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Why Cassar-Daley Loves the Blues-interview

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A thick hunk of toasted sourdough, a joyous tumble of braised tomatoey capsicum and onion and beans, a perfect fried egg to crest it all – and there it is on the counter waiting for whoever ordered it and I’m so tempted to claim it!

Troy Cassar-Daley plays Bluesfest this Easter.

Bluesfest | 9–13 April

Bluesfest is loved for its ability to bring music of all genres together. This year Nash Chambers presents the Australian Americana Music Honours Music Awards with John Butler, Kasey Chmbers, Ash Grunwald, Hussy Hicks, The Waifs, The War and Treaty, Henry Wagons and Troy Cassar-Daley. Troy spoke with The Echo about just how much he loves being part of the Bluesfest program.

‘I love being included in Bluesfest’ says Troy. ‘The program is so remarkably broad. I love the anonymity of standing shoulder to shoulder with other punters, watching someone like Buddy Guy rip into it, or watching a new and up-and-coming act like Marcus King Band. I am a very happy man in that situation!’

It was Archie Roach’s show at Bluesfest last year that left a lasting impression on Cassar-Daley.

‘It was one of the most inclusive shows I have ever seen. It was Archie Roach on his own, and I was sitting down the front with my wife and my daughter – it was like being in church. He made everyone feel like they belonged. It really was the most inclusive thing I had heard in a long, long time. If you are born here – whether black or white, you are part of this country. He told a story that I hadn’t heard before. People say, I am glad to be home – even if they are not Indigenous – they have a right to say that they are glad to be back on country, because it’s their country too, and they need to take care of it as well. I wanted to go backstage and give Archie a hug – I didn’t have a backstage pass, so the only way I could get to him was to go and buy a best-of album and line up in the signing line. He saw me and said “Fucking Hell! What are you doing in this line!?” I got so much pleasure seeing the shock on his face! I said: “We are here to give you this…” and I gave him a big hug. He’s just amazing. It blows my mind to think of what he went through with being stolen, and living on the streets, and to still be an Ambassador for Peace! He carries the scars, but you won’t hear him complain.’

Troy also reflected on seeing another inspiring elder in the music industry with a strong message of connection and unity: Mavis Staples.

‘Mavis Staples is the real deal’ says Troy. ‘She’s been there, and done it. All you want to do is get engrossed in the moment – it makes us feel powerful. It was amazing watching her on stage. I was so blown away by the amount of acts that were inspiring that I went back to Bangalow, where we were staying in an Air BnB, and got the looper out and started playing on the guitar and handed it ‘round to the family – that’s what Bluesfest is – it’s inspiring to be part of it, to feel so privileged.’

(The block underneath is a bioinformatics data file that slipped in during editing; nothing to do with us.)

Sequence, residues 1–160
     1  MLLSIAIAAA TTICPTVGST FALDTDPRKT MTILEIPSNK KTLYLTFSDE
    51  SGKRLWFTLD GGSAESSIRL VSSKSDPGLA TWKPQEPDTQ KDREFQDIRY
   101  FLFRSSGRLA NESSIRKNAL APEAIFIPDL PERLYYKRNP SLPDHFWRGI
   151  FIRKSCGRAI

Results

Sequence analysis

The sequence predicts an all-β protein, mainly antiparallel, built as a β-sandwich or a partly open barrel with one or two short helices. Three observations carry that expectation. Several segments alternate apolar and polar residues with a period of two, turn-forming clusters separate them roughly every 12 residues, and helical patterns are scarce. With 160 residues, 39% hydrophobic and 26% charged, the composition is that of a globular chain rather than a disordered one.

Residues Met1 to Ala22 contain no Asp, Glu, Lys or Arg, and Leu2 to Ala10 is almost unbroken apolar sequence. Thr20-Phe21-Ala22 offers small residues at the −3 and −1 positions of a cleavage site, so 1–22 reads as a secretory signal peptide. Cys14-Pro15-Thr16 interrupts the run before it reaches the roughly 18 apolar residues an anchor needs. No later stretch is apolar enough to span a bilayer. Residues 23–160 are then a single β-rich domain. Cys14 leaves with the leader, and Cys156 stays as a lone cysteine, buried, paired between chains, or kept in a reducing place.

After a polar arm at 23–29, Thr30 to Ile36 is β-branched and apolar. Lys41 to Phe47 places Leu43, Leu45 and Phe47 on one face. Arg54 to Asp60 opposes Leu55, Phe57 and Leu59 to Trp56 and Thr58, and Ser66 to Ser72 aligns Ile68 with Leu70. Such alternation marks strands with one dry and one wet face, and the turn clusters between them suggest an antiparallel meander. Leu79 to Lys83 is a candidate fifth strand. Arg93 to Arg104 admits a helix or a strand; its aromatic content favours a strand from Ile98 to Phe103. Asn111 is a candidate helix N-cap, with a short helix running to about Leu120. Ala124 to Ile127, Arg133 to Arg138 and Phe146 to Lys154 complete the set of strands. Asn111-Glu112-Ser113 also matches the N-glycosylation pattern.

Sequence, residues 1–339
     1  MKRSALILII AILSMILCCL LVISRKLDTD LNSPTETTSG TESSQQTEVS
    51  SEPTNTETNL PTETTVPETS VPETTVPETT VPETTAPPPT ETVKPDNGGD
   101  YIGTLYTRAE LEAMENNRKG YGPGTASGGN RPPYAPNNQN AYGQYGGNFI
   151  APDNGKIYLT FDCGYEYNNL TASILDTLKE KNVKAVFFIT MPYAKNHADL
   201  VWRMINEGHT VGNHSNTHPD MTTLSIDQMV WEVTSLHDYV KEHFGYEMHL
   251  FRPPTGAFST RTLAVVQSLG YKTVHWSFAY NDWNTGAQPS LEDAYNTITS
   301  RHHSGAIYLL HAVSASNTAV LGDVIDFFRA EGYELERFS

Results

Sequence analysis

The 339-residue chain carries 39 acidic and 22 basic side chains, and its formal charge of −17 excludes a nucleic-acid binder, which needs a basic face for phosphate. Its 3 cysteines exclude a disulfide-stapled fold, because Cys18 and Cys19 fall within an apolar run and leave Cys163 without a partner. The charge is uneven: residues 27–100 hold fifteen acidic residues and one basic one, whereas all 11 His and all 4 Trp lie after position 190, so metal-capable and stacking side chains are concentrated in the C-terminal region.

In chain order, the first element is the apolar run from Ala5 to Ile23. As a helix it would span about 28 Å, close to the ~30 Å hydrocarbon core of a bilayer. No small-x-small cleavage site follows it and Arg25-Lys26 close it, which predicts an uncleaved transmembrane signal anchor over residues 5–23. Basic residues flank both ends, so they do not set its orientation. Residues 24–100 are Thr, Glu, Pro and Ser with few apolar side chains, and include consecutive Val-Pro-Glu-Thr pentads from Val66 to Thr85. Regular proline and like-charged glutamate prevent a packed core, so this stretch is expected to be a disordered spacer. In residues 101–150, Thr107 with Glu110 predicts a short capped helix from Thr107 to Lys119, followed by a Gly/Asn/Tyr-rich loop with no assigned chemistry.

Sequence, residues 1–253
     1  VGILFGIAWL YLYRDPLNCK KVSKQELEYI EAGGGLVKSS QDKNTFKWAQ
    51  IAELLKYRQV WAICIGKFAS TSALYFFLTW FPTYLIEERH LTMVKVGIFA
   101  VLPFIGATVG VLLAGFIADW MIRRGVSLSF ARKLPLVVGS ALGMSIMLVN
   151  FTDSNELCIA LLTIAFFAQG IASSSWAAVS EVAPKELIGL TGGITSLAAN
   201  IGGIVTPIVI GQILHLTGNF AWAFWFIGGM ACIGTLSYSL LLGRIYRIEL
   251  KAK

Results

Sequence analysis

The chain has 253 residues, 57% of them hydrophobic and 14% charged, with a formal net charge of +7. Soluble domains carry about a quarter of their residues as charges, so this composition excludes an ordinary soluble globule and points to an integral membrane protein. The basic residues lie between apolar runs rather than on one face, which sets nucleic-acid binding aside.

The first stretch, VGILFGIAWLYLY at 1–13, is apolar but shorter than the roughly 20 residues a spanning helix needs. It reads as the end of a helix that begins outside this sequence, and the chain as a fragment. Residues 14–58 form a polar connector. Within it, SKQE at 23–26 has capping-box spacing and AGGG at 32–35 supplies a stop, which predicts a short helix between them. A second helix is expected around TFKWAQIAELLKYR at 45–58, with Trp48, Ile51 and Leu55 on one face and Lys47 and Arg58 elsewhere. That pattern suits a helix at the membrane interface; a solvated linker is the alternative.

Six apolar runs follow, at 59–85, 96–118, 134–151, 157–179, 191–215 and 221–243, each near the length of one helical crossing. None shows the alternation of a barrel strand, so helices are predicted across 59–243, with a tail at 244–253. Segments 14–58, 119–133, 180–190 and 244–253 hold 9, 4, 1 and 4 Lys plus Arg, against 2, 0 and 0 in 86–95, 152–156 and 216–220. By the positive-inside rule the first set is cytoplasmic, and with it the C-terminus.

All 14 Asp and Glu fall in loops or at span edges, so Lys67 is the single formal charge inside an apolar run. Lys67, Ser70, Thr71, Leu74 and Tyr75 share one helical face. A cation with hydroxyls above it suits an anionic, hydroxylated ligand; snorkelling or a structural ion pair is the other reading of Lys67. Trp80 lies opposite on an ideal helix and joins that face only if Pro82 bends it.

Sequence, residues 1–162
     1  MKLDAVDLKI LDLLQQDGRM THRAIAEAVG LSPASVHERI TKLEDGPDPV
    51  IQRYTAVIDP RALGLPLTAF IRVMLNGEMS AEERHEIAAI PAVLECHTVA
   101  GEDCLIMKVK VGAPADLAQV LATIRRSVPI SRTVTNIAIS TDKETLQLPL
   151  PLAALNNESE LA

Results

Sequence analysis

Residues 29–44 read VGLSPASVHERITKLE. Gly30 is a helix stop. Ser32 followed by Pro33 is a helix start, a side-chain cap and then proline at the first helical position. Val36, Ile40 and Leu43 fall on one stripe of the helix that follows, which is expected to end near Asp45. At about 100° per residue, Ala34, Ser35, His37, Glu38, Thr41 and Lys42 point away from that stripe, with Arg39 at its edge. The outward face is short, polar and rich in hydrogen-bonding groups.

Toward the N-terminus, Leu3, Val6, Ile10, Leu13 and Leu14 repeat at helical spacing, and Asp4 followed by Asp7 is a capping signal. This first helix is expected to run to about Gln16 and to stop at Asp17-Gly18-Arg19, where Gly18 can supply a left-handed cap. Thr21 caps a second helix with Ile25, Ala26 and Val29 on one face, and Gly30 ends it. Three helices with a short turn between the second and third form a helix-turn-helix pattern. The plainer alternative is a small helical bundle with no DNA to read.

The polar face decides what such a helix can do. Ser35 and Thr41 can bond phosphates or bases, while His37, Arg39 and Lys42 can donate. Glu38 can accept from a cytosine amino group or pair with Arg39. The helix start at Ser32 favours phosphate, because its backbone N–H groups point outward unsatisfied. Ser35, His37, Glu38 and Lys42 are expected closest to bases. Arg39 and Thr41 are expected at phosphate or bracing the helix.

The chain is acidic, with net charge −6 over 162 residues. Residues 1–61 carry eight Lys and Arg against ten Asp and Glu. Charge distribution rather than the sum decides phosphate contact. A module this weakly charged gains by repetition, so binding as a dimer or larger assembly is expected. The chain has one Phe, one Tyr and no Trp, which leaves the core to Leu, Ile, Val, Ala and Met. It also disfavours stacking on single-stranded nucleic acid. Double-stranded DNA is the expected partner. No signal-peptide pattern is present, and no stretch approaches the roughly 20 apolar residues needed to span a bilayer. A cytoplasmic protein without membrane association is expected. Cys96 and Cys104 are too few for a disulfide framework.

It’s not just the music – Troy feels a great sense of connection to country when he comes here. 

‘My great-grandmother was a Bundjalung woman. I feel connected to the north side of the river. You feel this big connection to be on country and feel the love. My set list will be different at Bluesfest – that’s what playing a festival like that is all about.’

Along with shows with his band, Troy is part of the group Americana show where he has chosen to play Shadows on the Hill about a massacre around Grafton.

‘It doesn’t need explanation’ says Troy. ‘I just play the song, and tell the story. I have always been a story-telling guy. It starts, I think, with family. Maybe it’s from sitting around a camp fire. There’s no rehearsal for it. You get in front of audiences when you are young and people understand what you are talking about’.

Troy believes that the education system in the past has let us down, but is positive about where it is going now.

‘I think we are in a good place where more rational thinking people are prepared to talk about what actually happened. When I was at school, I was taught that Captain Cook discovered Australia. I used to laugh with my cousins, because we were pretty sure that we were here before Captain Cook!’

Troy loved reading Dark Emu by Bruce Pascoe.

‘I am becoming hungrier for knowledge. You know stuff, but you still have so much to learn.’

Now that’s the humility and thirst for knowledge of a great storyteller.

Troy Cassar-Daley plays Bluesfest this Easter. Tix and program info from bluesfest.com.au

More Bluesfest 2020 articles:

2020 Bluesfest cancelled: ‘We are heartbroken’

Bluesfest have cancelled their 2020 event. They made an announcement on Facebook this morning.


Why Cassar-Daley Loves the Blues-interview

Bluesfest is loved for its ability to bring music of all genres together. This year Nash Chambers presents the Australian Americana Music Honours Music Awards with John Butler, Kasey Chmbers, Ash Grunwald, Hussy Hicks, The Waifs, The War and Treaty, Henry Wagons and Troy Cassar-Daley. Troy spoke with The Echo about just how much he loves being part of the Bluesfest program.


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